The Maritime History of the Great Lakes
Bannockburn (Propeller), C102093, sunk, 25 Nov 1902

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Toronto, Ont., Nov. 28. -- Word has reached here that the steamer ALGONQUIN met the BANNOCKBURN on Friday noon. She should have reached the Soo early Saturday. The captain of the ALGONQUIN says he saw the BANNOCKBURN passing and shortly afterwards remarked how quickly she had gone out of sight. He now fears an explosion may have occurred. The BANNOCKBURN usually carried a crew of 18 to 20 men.
      Buffalo Evening News
      November 28, 1902
      BANNOCKBURN Now Believed To Have Foundered In Lake Superior With All Hands.
Chicago, Nov. 29. - A special to the Record-Herald from Sault Ste. Marie, Mich., says: The steamer BANNOCKBURN with her crew of twenty men is given up for lost by local marine men. The report received last night that she was ashore near Michipicoten seems to be without foundation. The belief that the steamer has met with disaster is strengthened by the fact that the steamer ROCKFELLER, which arrived here today, reported passing through wreckage off Standard Rock. This is supposed to be from the missing boat. The wrecking tugs BOYNTON and FAVORITE have made a search along the north shore of Lake Superior without finding any trace of the Canadian steamer. The accepted theory is that the BANNOCKBURN foundered in mid lake and went down with all on board.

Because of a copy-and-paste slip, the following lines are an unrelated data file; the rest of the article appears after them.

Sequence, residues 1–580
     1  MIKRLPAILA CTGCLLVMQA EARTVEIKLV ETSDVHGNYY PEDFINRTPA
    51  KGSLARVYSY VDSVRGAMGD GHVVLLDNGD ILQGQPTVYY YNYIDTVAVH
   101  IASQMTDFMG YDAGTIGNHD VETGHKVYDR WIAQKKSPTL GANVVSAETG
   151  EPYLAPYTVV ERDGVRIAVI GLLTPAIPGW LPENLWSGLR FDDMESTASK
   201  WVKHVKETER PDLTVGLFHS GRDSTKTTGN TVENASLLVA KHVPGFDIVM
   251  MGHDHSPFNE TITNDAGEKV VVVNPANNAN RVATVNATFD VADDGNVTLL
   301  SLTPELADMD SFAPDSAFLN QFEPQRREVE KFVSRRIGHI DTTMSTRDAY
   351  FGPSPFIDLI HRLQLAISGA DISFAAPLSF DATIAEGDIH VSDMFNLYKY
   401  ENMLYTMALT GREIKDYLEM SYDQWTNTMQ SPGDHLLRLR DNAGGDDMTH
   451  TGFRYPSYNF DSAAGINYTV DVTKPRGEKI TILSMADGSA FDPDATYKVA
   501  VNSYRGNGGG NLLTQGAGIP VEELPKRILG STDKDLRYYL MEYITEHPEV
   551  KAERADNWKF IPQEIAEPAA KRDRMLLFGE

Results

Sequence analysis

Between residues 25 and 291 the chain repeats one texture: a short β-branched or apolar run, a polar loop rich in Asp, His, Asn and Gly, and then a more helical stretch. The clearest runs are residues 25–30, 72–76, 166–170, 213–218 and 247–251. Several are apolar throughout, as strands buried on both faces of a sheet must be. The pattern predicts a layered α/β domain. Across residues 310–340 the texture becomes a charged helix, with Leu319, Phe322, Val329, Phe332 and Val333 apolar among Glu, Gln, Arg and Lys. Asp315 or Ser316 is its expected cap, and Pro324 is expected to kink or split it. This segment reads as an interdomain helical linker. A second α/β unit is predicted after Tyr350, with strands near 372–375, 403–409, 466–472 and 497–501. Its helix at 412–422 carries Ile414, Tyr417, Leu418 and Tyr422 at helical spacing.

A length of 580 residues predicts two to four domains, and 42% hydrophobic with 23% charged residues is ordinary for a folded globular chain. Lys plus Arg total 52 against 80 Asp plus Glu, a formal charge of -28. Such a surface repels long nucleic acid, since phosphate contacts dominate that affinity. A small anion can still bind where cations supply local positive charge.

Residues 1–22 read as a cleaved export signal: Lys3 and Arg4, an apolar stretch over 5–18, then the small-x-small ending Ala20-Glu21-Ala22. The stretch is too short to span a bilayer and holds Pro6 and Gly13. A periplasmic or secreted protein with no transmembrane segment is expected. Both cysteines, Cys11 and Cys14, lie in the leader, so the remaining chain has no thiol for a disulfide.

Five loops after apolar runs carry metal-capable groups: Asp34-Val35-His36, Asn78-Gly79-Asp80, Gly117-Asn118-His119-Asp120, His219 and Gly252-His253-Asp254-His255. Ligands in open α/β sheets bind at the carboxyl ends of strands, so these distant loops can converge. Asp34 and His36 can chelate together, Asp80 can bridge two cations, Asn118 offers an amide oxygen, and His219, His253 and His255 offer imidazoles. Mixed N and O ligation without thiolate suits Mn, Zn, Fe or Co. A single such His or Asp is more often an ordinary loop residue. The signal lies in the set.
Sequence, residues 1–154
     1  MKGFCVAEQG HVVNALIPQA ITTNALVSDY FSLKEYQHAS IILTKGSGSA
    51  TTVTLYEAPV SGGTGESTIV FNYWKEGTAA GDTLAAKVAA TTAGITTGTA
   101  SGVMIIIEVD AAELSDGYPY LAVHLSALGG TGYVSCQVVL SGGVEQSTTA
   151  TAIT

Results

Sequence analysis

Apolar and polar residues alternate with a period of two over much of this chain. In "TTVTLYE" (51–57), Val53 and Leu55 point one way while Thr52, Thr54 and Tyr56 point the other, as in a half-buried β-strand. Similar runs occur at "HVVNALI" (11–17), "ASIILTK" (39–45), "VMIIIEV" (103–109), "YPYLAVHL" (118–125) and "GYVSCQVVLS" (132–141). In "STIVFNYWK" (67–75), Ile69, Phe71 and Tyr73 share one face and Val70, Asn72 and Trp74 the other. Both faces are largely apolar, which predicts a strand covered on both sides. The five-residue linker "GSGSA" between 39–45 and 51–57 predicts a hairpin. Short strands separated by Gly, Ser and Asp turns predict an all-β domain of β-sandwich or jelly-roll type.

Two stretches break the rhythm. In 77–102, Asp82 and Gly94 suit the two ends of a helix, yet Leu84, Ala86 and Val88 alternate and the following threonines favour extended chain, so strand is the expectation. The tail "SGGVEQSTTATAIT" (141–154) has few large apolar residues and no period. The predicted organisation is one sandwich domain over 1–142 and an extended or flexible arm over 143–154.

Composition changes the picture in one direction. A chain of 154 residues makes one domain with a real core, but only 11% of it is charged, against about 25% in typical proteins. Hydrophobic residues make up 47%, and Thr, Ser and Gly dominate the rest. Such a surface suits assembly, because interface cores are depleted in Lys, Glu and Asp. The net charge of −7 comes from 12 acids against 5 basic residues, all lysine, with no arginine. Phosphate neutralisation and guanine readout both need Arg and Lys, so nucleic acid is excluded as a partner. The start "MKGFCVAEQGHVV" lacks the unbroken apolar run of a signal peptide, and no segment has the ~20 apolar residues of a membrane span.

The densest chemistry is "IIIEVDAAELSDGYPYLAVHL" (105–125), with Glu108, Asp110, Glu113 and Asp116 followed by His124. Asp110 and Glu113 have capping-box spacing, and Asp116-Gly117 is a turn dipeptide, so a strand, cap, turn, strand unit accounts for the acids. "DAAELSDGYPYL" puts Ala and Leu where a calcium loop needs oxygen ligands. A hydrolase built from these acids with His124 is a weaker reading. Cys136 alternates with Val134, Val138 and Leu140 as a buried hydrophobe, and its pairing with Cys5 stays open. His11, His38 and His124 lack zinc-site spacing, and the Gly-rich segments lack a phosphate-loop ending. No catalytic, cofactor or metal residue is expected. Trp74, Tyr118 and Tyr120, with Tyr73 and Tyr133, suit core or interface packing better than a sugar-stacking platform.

Buffalo Evening News
      November 30, 1902

The steamer BANNOCKBURN with her crew of 20 men is given up for lost by marine men. The wrecking tugs BOYNTON snd FAVORITE are looking for her. The BANNOCKBURN sailed from Fort William with 95,000 bushels of wheat on November 20.
      Port Huron Daily Times
      Monday, December 1, 1902
The first authentic evidence bearing on the fate of the steamer BANNOCKBURN which sailed from Fort William over a month ago and never seen again, came to light on Friday when the Captain of the Grand Marais Lifesaving Station found a life preserver from the missing boat on the beach.
      Port Huron Daily Times
      Saturday, December 13, 1902

Steam screw BANNOCKBURN. Official Canada No. 102093. Of 1620 tons gross; 1035 tons reg. Built Middlesborough, England, 1893. Home port, Montreal, Que. 245.0 x 40.1 x 18.4 Owned by Montreal Transportation Co., Montreal, Que.
      List of Vessels on the Registry Books of the
      Dominion of Canada on December 31, 1898

Media Type:
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Reason: sunk
Lives: 20
Remarks: Total loss
Date of Original:
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Geographic Coverage:
  • Ontario, Canada
    Latitude: 44.00011 Longitude: -76.98274
William R. McNeil
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Bannockburn (Propeller), C102093, sunk, 25 Nov 1902